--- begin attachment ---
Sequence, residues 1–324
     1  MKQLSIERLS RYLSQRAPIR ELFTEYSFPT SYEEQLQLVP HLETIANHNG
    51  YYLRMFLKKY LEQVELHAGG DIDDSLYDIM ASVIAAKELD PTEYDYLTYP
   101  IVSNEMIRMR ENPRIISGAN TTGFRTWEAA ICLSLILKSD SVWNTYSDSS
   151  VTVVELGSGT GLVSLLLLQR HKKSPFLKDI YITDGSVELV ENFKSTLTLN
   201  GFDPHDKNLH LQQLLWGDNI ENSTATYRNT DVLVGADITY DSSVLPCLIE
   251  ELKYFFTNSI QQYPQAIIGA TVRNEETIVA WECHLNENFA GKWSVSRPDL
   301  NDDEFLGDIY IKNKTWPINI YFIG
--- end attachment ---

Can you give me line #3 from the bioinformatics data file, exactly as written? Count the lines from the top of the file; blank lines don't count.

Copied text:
    51  YYLRMFLKKY LEQVELHAGG DIDDSLYDIM ASVIAAKELD PTEYDYLTYP